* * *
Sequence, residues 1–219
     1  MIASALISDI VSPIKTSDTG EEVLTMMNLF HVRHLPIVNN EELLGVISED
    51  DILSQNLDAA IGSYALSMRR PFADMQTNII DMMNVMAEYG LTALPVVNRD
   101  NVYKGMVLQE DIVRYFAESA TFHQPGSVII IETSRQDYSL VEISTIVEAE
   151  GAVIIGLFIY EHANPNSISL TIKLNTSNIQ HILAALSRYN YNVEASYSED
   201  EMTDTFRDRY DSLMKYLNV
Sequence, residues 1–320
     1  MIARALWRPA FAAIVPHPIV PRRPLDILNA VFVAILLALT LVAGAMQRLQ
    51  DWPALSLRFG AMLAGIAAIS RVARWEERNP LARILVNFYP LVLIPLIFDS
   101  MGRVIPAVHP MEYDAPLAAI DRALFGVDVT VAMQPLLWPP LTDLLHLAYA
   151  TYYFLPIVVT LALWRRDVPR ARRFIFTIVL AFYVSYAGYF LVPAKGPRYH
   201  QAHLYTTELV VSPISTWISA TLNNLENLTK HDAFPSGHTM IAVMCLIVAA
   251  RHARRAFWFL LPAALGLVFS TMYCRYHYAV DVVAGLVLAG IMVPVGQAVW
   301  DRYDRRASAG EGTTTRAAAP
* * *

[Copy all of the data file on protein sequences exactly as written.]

Sequence, residues 1–219
     1  MIASALISDI VSPIKTSDTG EEVLTMMNLF HVRHLPIVNN EELLGVISED
    51  DILSQNLDAA IGSYALSMRR PFADMQTNII DMMNVMAEYG LTALPVVNRD
   101  NVYKGMVLQE DIVRYFAESA TFHQPGSVII IETSRQDYSL VEISTIVEAE
   151  GAVIIGLFIY EHANPNSISL TIKLNTSNIQ HILAALSRYN YNVEASYSED
   201  EMTDTFRDRY DSLMKYLNV
Sequence, residues 1–320
     1  MIARALWRPA FAAIVPHPIV PRRPLDILNA VFVAILLALT LVAGAMQRLQ
    51  DWPALSLRFG AMLAGIAAIS RVARWEERNP LARILVNFYP LVLIPLIFDS
   101  MGRVIPAVHP MEYDAPLAAI DRALFGVDVT VAMQPLLWPP LTDLLHLAYA
   151  TYYFLPIVVT LALWRRDVPR ARRFIFTIVL AFYVSYAGYF LVPAKGPRYH
   201  QAHLYTTELV VSPISTWISA TLNNLENLTK HDAFPSGHTM IAVMCLIVAA
   251  RHARRAFWFL LPAALGLVFS TMYCRYHYAV DVVAGLVLAG IMVPVGQAVW
   301  DRYDRRASAG EGTTTRAAAP